As in model 1a, age significantly predicted visual acuity, contrast sensitivity and self-reported hearing but not self-reported vision. In contrast to model 1a, the relationship between age and ATD but not VTD reached significance (although the directionality of effects remained the same). Age did not directly influence visual gain. However, better visual acuity and VTD were associated with lower visual gain. Better ATD predicted stronger visual gain. This is in line with the idea that gain would occur in individuals experiencing sensory loss and that more reliable ATD might benefit temporal visual judgements. However, contrary to this, better contrast sensitivity was also associated with more visual gain. Mediation analysis showed that ATD, visual acuity and contrast sensitivity mediated the relationship between age and visual gain.

With regards to relative reliability, model 2b again showed no significant relationship between age and visual gain. However, the performance of those whose self-reported vision was better than audition benefitted less from congruent auditory stimulation (i.e. less visual gain). In line with this, the mediation analysis revealed that the difference in self-reported vision and hearing was a significant mediator of the relationship between age and visual gain.

The relationship between visual gain and SIFI susceptibility (Model 3)

Our final question was whether visual gain predicted SIFI susceptibility. We hypothesised that participants manifesting stronger visual gain (i.e. those for whom congruent auditory information aided visual judgements) would be more susceptible to the SIFI. However, the relationship between visual gain and SIFI performance, although in the hypothesised direction, failed to reach significance (Fig. 3).

Figure 3
figure 3

Structural equation model (SEM) for model 3; ***p = < 0.001, **p < = 0.01, *p < = 0.05. Red dashed paths indicate negative coefficients, green continuous paths indicate positive coefficients, grey path indicates constrained path for confirmatory factor analysis. Variance p values all significant < 0.001 and not shown. SIFI = accuracy for illusory 2B1F trials. The thickness of each line corresponds to its significance.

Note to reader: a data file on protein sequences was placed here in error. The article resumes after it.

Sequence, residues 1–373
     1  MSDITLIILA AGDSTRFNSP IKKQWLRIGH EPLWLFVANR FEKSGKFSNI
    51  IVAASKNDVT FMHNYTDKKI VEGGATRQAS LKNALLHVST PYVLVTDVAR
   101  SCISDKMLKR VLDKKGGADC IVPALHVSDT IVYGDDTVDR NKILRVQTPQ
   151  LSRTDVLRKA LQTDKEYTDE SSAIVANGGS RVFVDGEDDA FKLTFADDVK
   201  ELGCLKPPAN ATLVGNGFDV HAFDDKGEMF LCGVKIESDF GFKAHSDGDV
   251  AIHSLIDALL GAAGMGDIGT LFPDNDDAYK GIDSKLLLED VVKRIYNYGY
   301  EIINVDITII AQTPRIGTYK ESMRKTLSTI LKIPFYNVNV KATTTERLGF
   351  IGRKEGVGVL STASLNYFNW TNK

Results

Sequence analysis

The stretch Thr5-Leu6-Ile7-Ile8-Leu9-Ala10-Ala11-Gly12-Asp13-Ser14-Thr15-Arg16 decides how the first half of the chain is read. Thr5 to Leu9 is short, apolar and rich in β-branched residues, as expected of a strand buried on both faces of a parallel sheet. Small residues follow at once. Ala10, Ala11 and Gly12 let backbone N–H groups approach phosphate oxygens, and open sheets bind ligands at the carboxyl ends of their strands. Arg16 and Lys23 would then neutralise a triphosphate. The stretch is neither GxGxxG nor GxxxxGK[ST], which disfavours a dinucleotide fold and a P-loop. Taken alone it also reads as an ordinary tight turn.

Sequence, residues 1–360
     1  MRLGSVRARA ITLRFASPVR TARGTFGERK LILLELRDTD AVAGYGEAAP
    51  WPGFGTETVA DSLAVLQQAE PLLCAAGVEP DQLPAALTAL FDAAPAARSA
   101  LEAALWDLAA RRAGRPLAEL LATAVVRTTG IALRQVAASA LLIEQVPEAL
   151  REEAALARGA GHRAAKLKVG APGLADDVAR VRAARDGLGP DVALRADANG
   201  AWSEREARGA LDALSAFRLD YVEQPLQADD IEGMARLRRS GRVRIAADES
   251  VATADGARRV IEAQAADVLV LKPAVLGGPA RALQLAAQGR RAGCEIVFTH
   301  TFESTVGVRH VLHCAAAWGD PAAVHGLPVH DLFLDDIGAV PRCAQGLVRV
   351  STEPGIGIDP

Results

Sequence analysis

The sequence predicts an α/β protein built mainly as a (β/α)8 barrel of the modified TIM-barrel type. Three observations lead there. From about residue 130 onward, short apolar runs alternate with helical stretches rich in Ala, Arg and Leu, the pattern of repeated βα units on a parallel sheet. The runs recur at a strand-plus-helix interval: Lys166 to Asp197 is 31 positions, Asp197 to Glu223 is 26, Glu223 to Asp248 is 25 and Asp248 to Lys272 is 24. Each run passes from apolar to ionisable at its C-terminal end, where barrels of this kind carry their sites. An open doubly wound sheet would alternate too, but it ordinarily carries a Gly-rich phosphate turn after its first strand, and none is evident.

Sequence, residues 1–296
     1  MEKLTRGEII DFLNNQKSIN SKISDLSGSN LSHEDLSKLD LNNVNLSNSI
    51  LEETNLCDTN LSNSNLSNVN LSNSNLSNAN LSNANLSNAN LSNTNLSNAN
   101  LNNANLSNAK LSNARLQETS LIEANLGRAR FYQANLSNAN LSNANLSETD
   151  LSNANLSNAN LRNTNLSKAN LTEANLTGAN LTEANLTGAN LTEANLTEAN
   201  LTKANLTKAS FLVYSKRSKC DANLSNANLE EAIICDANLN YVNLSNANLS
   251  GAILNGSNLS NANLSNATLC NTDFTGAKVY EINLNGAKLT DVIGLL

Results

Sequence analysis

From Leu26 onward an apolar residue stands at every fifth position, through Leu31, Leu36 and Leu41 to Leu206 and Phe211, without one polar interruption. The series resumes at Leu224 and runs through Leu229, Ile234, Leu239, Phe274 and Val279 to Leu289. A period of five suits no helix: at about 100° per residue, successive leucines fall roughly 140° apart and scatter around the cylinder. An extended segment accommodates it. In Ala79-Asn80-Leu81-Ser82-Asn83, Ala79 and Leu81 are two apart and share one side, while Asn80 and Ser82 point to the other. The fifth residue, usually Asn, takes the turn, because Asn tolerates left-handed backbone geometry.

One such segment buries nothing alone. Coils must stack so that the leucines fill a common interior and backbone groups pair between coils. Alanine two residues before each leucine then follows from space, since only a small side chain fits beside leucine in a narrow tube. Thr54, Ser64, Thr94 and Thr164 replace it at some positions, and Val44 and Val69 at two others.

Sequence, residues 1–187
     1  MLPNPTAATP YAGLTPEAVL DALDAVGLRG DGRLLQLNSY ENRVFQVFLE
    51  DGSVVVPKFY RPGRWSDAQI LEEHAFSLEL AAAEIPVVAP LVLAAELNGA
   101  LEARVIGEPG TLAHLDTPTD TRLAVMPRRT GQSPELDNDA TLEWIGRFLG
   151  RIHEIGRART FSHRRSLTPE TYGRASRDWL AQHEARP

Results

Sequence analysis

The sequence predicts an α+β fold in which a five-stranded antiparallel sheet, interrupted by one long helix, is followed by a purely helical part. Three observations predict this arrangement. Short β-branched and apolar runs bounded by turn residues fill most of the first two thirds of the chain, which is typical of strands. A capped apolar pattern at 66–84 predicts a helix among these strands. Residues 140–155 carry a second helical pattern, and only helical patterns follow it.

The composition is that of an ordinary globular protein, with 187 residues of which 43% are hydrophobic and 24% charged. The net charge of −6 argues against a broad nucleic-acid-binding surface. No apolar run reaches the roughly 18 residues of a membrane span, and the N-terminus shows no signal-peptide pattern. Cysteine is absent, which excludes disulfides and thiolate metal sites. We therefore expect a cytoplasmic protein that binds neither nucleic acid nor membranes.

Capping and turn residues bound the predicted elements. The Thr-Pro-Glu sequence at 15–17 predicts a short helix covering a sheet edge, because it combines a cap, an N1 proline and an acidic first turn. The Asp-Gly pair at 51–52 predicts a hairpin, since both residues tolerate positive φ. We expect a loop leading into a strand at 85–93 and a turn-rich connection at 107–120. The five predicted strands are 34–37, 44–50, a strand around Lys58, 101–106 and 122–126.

This study addressed whether age-related unisensory decline alters multisensory integration, in line with reliability weighting models of perception, within the largest cohort of older adults (n = 2920) tested to date. Multisensory integration was assessed using SIFI susceptibility and the extent to which accuracy for judging two flashes was enhanced by the congruent presentation of two beeps (which we termed “visual gain”). Visual acuity, self-reported hearing and the difference in self-reported vision and hearing mediated the relationship between age and SIFI susceptibility in a manner consistent with reliability weighting accounts of multisensory perception. However, the relationship between age and SIFI susceptibility remained significant even when considering mediators, thus, not all age-related changes appear to be accounted for by unisensory decline. With regards to visual gain, age did not directly predict gain. However, better visual function (acuity) predicted lower gain whereas better hearing function (ATD) predicted stronger gains, as expected. Thus, visual decline coupled with good auditory temporal discriminability may increase the likelihood of congruent auditory information facilitating visual temporal judgements. Finally, in contrast to our hypotheses, the relationship between visual gain and SIFI susceptibility failed to reach significance. Here, we expand upon several unexpected, but explainable results, consider the limitations of this study, and pose future directions.

Increased visual temporal discrimination in ageing

Ageing was associated with increased accuracy for judging two flashes with 70 ms SOA (i.e. better VTD). This was unexpected, given known age-related declines in visual and auditory gap detection33. In turn, better VTD was associated with increased SIFI susceptibility. This was also unexpected based upon reliability weighting19. Improved VTD with age did not appear associated with response bias, as correct performance on the unimodal 2-flash condition was not significantly associated with incorrect performance on the 1B1F condition. This is consistent with findings that increased SIFI susceptibility with age is associated with changes in perceptual sensitivity but not response bias7 (but see also34).